I think there's an essay to be written about why any accusation of a racial offense is so often reduced to "Are you a racist?" It would be as if my wife said, "You forgot to check Samori's homework" and I responded, "I'm not a bad father."I would like to try. The strict answer to that question is straightforward. It's as he implies, an evasion. A way to move the terms of the debate to more open, maximalist, easily-defended ground, where counterexamples are easier to find and inflate. "Ron Paul is racist? But he's against the drug war!" etc.
But that piece isn't for me to write. It's for some white person daring enough to plumb the depths of their soul. I don't think this is something that can be explained from the outside.
But I think Ta-Nehisi was looking for something deeper. Let me start with a story and a confession.
Some time ago coming home from work on the train three young black men got on and came to my section. One sat next to me, the other on the floor next to him, and the third across the aisle. They began talking loudly, the one next to me pointing at me kind of behind my head such that it was impossible to determine whether he was trying to subtly signal me as some kind of target or just try and intimidate me out of my chair so he and his buddies could sit together.
There commenced in my mind a vicious battle between 1) the modern secular liberal, arguing (correctly) that I knew nothing about these guys and it was wrong to judge them as I was doing, and 2) the lizard-brain defender of life and limb, arguing (also correctly, in my view) that these guys were setting off some alarms and it would be prudent to evacuate. The winner, of course, was 3) the seat of cowardly, guilty, white middle-class maledom, who argued it would be least awkward to just sit there and continue reading, or pretending to read, The Power Broker. The next ten minutes or so were awful.
Nothing happened. I sat there until my stop and got off without incident. But I was afraid of those three kids in a way which made me almost ill. I had to admit: I am a racist. And in the way of a disease, where my reactions have been hijacked by old programming, where my conscious "self" watches in horror.
This kind of thing is, I think, common. The way racism is most obviously manifested in everyday American society is against young black men. I even have a half-plausible excuse. During my two years in South Africa I was three times attacked by thieves, once successfully and twice not. In all three cases the perpetrators were young to middle-aged black men. Though I do not always trust my own memory or impressions, I think in this case it is fair to conclude that my negative reaction to black men has gotten much worse since before my Peace Corps service.
I think Ta-Nehisi's question cuts to something deeper in the soul of white Americans. We do not like talking about race. I don't mean talking about how black people are oppressed by the system—that's easy, even satisfying—or even "owning our privilege." I mean rooting around in the rancid basements of our minds, finding the most vicious rottenness down there, and spreading it out for the world to see.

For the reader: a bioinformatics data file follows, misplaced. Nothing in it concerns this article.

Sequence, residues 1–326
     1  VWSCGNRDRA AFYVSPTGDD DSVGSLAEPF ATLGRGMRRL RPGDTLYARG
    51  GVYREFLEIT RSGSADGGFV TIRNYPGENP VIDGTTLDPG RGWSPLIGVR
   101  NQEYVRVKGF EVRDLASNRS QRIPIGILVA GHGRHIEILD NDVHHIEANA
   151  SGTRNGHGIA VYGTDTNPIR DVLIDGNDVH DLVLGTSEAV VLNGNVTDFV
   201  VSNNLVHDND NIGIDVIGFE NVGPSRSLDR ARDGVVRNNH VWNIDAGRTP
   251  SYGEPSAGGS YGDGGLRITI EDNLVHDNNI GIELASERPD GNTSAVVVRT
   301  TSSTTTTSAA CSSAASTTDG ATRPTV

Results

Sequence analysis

It's partly the result of a lot of very positive development. It's now generally accepted that slavery and white terrorism in defense of Jim Crow were atrocities. Martin Luther King is one of our most cherished heroes. Being a committed racist is now about the most awful thing someone can be in public life. But imagine Nancy Pelosi talking about being afraid of black men. Better to avoid the subject altogether. Too much potential downside.
But just avoiding the issue is not enough for me. Another piece from Coates:
This basic extension of empathy is one of the great barriers in understanding race in this country. I do not mean a soft, flattering, hand-holding empathy. I mean a muscular empathy rooted in curiosity. If you really want to understand slaves, slave masters, poor black kids, poor white kids, rich people of colors, whoever, it is essential that you first come to grips with the disturbing facts of your own mediocrity. The first rule is this--You are not extraordinary. It's all fine and good to declare that you would have freed your slaves. But it's much more interesting to assume that you wouldn't and then ask "Why?"I met many Afrikaners in South Africa who were utterly, abjectly racist. I met them in bars, backpackers, or was picked up by them hitchhiking. Nice folks to me for the most part, but when the subject turned to race, as it inevitably would despite my efforts to avoid it, things got ugly. I can't tell you how many times I heard the phrase fokken kaffirs, which is Afrikaans for "fucking niggers." These people were gripped by a cancer of the mind. It was at first horrifying, like watching some trembling junkie shoot up in the stairway of an abandoned tenement; numbness eventually set in.
This is not an impossible task. But often we find that we have something invested in not asking "Why?" The fact that we -- and I mean all of us, black and white -- are, in our bones, no better than slave masters is chilling. The upshot of all my black nationalist study was terrifying -- give us the guns and boats and we would do the same thing. There is nothing particularly noble about black skin.
But the worst part was the creeping realization: that could be me. That is the context underlying whites' unconscious goalpost-shifting. "Is Ron Paul a racist?" Well, that's hard to prove. "Is there a potential KKK member in nearly everyone?" That is far more uncomfortable territory.
In the next post, I'll try to find that "muscular empathy."